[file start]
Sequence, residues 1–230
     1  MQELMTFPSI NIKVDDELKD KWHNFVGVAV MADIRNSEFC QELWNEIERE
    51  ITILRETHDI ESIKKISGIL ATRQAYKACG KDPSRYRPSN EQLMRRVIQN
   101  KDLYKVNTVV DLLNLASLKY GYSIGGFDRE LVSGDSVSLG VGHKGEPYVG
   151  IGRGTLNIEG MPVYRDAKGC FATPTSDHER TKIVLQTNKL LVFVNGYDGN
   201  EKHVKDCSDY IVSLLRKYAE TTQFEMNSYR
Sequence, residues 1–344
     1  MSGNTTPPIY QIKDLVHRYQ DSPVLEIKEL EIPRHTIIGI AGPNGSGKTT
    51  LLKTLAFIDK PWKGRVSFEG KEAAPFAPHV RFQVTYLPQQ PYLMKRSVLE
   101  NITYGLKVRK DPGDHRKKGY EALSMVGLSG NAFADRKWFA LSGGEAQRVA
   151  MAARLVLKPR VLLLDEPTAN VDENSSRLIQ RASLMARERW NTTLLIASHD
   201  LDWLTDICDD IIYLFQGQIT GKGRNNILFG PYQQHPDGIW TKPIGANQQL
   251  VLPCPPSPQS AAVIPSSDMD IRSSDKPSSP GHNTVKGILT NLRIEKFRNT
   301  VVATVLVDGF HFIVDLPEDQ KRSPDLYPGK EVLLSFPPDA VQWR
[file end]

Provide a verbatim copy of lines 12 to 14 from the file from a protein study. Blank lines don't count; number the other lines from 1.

   201  LDWLTDICDD IIYLFQGQIT GKGRNNILFG PYQQHPDGIW TKPIGANQQL
   251  VLPCPPSPQS AAVIPSSDMD IRSSDKPSSP GHNTVKGILT NLRIEKFRNT
   301  VVATVLVDGF HFIVDLPEDQ KRSPDLYPGK EVLLSFPPDA VQWR